“Hey, you!” Reshka said, shaking her. “You!”

She slapped Nin on one cheek, then the other.

“None of that from you!” she said, slapping her mouth. Until the blow fell, Nin had not realized she was still screaming. Had been, even underwater. Even choking.

“Listen!” ordered Reshka, sounding more exasperated than angry. “Listen to me, you.” Her voice, like her fin-gernails, was older than her face and hair. It was old and dry and it shook.

“Cats can’t abide ghosts,” she said. “Nor do ghosts bide well with cats. I’d keep a crazy household if I kept a live cat at Stix Haunt. Here.” And Reshka thrust something soggy and awful and dead into Nin’s arms. “Put it in the truck bed. If it bothers you so much, I’ll give it a raising up when we get home. It’ll be just the same, only you won’t have to feed it.”

Nin clutched the sodden black drowned dead thing close to her chest.

“He won’t be just the same!” Her raw voice carried weirdly across the water. “He’ll be dead! He’s dead! And you killed him! I won’t let you touch him! I’ll burn him first! I’ll burn him myself!”

“Suit yourself, Little Miss Nin It’s My Whim,” said Reshka coolly.

Nin turned her head and spat.

Later, she came to wonder if burning was what her grandmother had intended all along. She was to discover that Reshka considered it beneath her dignity to bind and braid the ghosts of dumb animals.

* * *

Life before Reshka had been quiet. Life after Noir was silent.

Noir used to say, “Let’s have an hour of quiet time, Nin, my love. Read if you want, or draw. Mama’s just going to lie down and shut her eyes.”

But at Stix Haunt, all hours were quiet. The house was a sprawling shamble of gray stone and stucco, with peeling columns, peaked roof and dark cupola, its rotten porches and balconies webbed all about with decrepit scrollwork. It could not have been more different from that cozy, shabby apartment in the city. Woodland and wetland bordered the property on all sides. Only one dark road under dark trees led to a small town that did not like to remember it had a Haunt at all.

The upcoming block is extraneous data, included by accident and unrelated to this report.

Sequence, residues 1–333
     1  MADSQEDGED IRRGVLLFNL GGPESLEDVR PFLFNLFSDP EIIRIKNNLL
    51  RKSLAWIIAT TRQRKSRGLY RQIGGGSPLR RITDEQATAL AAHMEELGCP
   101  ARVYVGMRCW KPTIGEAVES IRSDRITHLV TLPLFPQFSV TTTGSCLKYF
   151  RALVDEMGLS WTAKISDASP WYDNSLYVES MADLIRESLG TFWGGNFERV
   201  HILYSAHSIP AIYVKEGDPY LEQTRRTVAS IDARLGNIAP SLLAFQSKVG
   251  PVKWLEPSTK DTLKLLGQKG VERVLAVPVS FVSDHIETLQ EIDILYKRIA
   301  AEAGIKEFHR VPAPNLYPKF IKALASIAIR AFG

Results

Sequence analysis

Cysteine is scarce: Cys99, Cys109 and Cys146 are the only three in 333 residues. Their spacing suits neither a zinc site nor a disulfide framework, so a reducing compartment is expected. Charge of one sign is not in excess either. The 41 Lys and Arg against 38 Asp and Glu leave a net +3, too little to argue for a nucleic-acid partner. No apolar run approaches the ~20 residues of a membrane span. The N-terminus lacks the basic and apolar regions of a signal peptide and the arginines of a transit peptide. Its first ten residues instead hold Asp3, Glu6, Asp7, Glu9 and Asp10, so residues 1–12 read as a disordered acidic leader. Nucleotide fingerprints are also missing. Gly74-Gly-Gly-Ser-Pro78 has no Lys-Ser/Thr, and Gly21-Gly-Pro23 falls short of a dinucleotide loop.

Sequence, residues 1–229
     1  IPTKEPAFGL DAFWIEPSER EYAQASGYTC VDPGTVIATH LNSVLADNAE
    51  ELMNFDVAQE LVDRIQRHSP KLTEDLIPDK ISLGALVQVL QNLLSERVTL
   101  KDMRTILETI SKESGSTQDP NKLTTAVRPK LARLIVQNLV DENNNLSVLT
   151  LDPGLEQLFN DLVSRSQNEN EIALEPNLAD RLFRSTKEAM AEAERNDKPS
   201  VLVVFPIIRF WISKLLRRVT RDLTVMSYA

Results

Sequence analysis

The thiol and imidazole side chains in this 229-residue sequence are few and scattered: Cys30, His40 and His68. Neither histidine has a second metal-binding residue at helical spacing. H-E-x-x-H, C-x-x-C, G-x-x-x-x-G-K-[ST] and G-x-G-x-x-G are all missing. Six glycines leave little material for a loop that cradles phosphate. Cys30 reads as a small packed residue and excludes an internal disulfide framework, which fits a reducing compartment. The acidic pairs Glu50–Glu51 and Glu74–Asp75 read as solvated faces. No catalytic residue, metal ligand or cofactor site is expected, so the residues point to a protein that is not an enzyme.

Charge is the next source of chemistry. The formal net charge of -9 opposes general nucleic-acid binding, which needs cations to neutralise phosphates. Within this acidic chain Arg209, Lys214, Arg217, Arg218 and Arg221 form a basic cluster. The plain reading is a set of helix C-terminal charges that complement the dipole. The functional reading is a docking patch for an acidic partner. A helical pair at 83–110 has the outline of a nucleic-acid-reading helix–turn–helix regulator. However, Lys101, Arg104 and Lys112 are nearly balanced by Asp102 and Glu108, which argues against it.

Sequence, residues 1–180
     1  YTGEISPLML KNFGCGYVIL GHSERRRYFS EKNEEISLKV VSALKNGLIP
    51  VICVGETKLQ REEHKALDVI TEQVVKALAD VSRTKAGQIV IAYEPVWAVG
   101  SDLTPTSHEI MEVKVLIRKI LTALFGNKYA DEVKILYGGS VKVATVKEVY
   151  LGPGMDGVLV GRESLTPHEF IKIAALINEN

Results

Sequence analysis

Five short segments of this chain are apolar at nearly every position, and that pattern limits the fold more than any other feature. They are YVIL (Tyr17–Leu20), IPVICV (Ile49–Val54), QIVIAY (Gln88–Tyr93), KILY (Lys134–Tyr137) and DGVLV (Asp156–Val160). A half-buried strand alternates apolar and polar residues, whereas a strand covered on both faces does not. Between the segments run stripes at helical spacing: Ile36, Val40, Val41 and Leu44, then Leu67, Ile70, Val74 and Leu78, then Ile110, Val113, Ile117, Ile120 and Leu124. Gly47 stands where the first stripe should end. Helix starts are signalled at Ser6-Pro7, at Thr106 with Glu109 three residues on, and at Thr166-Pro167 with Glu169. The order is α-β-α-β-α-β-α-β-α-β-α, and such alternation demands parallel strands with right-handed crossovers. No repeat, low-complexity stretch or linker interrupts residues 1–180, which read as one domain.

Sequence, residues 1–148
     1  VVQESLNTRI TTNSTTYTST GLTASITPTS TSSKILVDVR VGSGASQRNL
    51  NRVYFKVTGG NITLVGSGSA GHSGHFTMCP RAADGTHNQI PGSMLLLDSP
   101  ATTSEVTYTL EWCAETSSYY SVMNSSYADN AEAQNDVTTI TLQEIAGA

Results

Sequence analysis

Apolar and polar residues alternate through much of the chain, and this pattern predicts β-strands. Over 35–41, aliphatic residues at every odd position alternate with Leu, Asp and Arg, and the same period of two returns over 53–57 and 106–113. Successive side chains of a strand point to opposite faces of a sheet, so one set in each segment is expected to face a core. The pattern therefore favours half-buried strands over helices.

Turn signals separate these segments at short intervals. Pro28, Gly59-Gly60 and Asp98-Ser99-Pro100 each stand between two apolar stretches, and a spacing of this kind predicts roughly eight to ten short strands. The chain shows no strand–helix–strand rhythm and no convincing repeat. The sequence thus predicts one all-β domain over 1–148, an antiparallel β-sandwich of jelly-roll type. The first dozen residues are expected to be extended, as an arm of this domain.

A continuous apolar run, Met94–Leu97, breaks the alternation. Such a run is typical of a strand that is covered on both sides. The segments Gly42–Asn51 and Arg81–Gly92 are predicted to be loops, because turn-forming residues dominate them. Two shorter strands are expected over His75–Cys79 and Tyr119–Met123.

Nin never saw Reshka sleep, never caught her still or off her guard. Reshka prowled the house and grounds day and night. Making her rounds. Check the saltshakers for sugar and the shampoo bottles for honey. Was there superglue in the conditioner? Was there sawdust in the Quaker Oats? Sometimes the ice cube trays were full of flies. Sometimes the meat crawled with maggots.

Because sometimes the ghosts got things wrong.

“Death doesn’t cure stupidity,” Reshka was fond of saying. She did not talk to Nin much, and tended to repeat herself when she did. “Death makes a dumbie dumber. So keep your eyes open!”

Nin did not think the ghosts were stupid. She thought maybe they were angry. Or, scarier still, that they had a sly, prankish sense of humor. Or both.

Many nights Nin went to bed short-sheeted or with crickets in her pillowcase. She was careful not to gasp or laugh or do anything to draw attention. She did not want the ghosts to notice her at all.

Reshka depended on them for everything. They drew her bath and chose her clothes, groomed her, perfumed her, prepared her meals. They did what they were told, silent and unseen, slight freezing breezes in Reshka’s great grey house.